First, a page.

Sal's Shipping

My code looks like this.

my output look looks this

C:\Users\Shop\PycharmProjects\untitled\HelloWorld\venv\Scripts\python.exe C:/Users/Shop/PycharmProjects/untitled/HelloWorld/
The shipping of 4.8 pound is ground shipping method and will cost 34.4 The shipping of 41.5 pound is ground shipping method and will cost 217.125

Process finished with exit code 0

can somebody help me by telling me why i am not getting the expect output .
The shipping of 41.5 pound is ground shipping method and will cost $ 125

With an input of 41.5, costground(weight) is 217.125 and droneshipping(weight) is 591.375, so
costground(weight) is less than droneshipping(weight)
the if-elif string in cheapshipping(weight) stops (i.e., returns True) at

  elif costground(weight) < droneshipping(weight):
    return "ground shipping method and will cost $ " + str(costground(weight))

… which, as we have seen, returns 217.125

1 Like

the problem is inside your cheapshipping function so I suggest to try to implement your function that can test to one thing out of the remain one and you all fix your problem
because your function test one thing out of one at a time and that is not good so if your can make it check one thing out of the remain one will be perfect and and correct your unexpected answers.


This may be out in left field…

return min([premiumweight, costground(weight), droneshipping(weight)])

Mind it only returns a value, with no label so that’s no good. It’s the old adage,

Do you want it good, fast or cheap?
Cheap won’t be good or fast.
Fast won’t be cheap or good.
Good won’t be fast or cheap.

What if we compute the values, first, then compare then in the return statement (with a ternary)?

  ground = ground_shipping(weight)
  drone = drone_shipping(weight)
  return ('Premium', premium) if premium < ground or premium < drone else ('Ground', ground) if ground < drone else ('Drone', drone)

We would output the return like so,

method, cost = lowest_cost(41.5)
print ("{}: {:.2f}".format(method, cost))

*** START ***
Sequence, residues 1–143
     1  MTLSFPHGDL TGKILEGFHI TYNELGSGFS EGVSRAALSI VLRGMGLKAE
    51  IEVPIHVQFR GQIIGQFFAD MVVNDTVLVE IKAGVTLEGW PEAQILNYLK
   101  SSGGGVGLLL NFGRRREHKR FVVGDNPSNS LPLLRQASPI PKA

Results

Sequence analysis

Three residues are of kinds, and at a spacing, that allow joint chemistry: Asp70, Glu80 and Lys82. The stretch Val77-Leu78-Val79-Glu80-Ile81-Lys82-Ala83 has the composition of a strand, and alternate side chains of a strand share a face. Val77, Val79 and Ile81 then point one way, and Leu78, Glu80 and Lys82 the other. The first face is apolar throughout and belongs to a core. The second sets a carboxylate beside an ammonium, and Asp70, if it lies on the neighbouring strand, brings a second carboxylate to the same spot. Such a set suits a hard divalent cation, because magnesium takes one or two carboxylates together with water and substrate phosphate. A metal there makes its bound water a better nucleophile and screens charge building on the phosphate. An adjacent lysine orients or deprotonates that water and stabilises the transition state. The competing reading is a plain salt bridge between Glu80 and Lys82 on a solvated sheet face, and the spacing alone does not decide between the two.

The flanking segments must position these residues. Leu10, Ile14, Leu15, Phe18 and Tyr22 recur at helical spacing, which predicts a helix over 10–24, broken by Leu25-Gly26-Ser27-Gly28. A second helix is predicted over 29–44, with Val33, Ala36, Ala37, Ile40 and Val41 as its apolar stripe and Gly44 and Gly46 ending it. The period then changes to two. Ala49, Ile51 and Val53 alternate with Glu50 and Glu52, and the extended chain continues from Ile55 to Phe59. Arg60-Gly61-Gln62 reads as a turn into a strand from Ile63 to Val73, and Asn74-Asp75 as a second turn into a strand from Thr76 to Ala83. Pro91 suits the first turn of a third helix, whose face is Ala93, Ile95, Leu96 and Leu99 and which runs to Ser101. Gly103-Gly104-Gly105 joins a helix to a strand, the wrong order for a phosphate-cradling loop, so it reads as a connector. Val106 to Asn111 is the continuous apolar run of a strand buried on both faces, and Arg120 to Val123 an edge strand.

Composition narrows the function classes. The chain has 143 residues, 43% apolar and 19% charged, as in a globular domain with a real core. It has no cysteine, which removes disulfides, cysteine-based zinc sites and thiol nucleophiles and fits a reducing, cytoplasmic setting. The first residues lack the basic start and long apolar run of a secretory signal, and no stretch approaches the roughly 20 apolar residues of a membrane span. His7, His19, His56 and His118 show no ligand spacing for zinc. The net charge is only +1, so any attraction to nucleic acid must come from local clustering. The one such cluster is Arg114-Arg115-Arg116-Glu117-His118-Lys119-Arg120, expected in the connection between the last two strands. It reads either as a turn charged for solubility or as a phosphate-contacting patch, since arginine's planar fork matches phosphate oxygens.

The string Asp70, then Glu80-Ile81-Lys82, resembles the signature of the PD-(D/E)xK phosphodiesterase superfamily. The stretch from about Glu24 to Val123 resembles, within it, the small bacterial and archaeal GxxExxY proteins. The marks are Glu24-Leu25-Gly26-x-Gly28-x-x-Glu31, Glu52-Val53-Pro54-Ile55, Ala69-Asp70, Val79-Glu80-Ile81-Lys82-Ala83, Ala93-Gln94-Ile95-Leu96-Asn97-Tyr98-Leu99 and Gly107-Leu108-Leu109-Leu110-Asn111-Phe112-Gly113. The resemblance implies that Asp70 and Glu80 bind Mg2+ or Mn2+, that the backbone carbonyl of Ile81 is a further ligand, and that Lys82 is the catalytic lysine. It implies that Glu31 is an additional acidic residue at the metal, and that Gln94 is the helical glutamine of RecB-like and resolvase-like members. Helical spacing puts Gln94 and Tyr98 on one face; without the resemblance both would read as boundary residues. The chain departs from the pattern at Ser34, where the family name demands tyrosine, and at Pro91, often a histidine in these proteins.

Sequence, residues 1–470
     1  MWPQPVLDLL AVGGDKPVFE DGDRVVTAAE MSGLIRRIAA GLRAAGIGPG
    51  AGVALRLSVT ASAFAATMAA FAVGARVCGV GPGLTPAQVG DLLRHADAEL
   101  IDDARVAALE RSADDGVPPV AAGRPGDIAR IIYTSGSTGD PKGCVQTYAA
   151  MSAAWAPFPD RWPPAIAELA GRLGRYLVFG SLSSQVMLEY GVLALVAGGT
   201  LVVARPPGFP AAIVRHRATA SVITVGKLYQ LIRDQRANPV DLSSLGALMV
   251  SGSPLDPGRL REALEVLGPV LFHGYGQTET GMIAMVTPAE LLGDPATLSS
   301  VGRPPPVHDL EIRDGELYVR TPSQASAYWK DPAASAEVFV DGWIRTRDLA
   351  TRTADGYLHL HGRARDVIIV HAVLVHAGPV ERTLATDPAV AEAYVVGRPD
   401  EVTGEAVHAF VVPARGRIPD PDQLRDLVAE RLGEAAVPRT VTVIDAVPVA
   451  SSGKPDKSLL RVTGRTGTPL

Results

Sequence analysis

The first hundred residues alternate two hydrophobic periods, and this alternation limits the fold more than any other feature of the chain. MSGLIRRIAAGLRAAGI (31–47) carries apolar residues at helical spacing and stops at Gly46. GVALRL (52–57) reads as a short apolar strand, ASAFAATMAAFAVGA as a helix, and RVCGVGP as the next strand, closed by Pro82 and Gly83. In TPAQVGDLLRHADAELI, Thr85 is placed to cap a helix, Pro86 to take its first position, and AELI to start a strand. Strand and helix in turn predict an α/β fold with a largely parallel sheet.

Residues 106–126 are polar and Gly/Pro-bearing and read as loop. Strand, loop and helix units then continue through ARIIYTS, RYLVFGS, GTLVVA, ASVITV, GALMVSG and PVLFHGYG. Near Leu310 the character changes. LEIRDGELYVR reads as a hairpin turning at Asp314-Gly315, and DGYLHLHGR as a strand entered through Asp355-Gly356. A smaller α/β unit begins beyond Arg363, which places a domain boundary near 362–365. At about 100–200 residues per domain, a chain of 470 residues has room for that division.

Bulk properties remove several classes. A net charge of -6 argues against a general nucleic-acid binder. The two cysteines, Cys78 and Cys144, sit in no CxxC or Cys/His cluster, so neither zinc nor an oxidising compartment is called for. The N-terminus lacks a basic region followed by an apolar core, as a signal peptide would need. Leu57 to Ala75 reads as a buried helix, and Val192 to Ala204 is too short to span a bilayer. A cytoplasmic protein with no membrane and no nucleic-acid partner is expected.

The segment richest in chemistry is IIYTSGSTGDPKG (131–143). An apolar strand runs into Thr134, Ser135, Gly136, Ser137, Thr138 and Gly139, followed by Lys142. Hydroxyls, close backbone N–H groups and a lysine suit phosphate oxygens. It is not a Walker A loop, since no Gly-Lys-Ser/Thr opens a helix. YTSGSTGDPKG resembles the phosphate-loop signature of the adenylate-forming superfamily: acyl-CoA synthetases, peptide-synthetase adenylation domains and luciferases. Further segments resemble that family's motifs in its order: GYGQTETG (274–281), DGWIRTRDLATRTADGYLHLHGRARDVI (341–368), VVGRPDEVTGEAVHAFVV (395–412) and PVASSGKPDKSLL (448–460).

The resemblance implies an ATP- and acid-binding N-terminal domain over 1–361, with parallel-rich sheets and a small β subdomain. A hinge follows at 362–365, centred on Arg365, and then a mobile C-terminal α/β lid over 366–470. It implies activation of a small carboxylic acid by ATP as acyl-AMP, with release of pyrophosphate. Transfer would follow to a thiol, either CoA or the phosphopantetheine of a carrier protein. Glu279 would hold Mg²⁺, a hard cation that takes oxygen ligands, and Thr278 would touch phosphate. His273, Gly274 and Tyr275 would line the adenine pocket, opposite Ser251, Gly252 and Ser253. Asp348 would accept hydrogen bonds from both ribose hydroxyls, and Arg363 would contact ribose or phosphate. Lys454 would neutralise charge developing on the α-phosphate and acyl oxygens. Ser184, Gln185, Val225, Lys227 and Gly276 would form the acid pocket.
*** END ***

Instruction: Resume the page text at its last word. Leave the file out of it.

hello, I keep getting an the error message below for the code attached. Is the string interpolation outdated?

Traceback (most recent call last):
File “”, line 50, in
File “”, line 31, in print_cheapest_shipping_method
ground = shipping_cost_ground(weight)
TypeError: ‘float’ object is not callable

def print_cheapest_shipping_method(weight):
  ground = shipping_cost_ground(weight)
  premium = shipping_cost_ground
  drone = shipping_cost_drone(weight)
  if ground < premium and ground < drone:
    method = 'standard ground'
    cost = ground
  elif premium < ground and premium < drone:
    method = 'premium ground'
    cost = premium
    method = 'drone'
    cost = drone
    "The cheapest shipping method is $%.2f with % shipping." 
    % (cost, method)

This error message says that a float object is being treated like a function and it has been invoked. What float object would this be? Check the trace for the line where this call is being attempted.

You see where the premium assignment is actually a reference to the function that ground uses?

That may not be the problem that raised the exception, but will certainly cause some problems once it is encountered during runtime. Clearly, shipping_cost_ground has been corrupted somewhere and turned from a function to a float. Be very careful with naming and give everything a unique, self-describing name.

Thank you for taking a look a my code! You’re spot on, I overlooked the name of my premium variable and didn’t recognize the naming conflict with the previous function. I’ll make sure to pay closer attention next time. Thanks.

1 Like

You’re welcome. Don’t mind the lecture, it’s my usual style.

One thing I try to do is not let data objects have names that resemble a function name (which includes built-ins). A reader can spot data variables from function names at a glance. This helps prevent overwriting a function is a data object.

Take for instance this utiility function…

>>> def is_float(x):
        x = float(str(x) + '.0')
        return False
    except ValueError:
        return True

>>> is_float(0.0)
>>> is_float(1)

Knowing that we have a function such as this in our arsenal, we would not name a variable, is_float, else it would colide with our function name.

num = 0.0
num_is_float = is_float(num)
print (num_is_float)    # True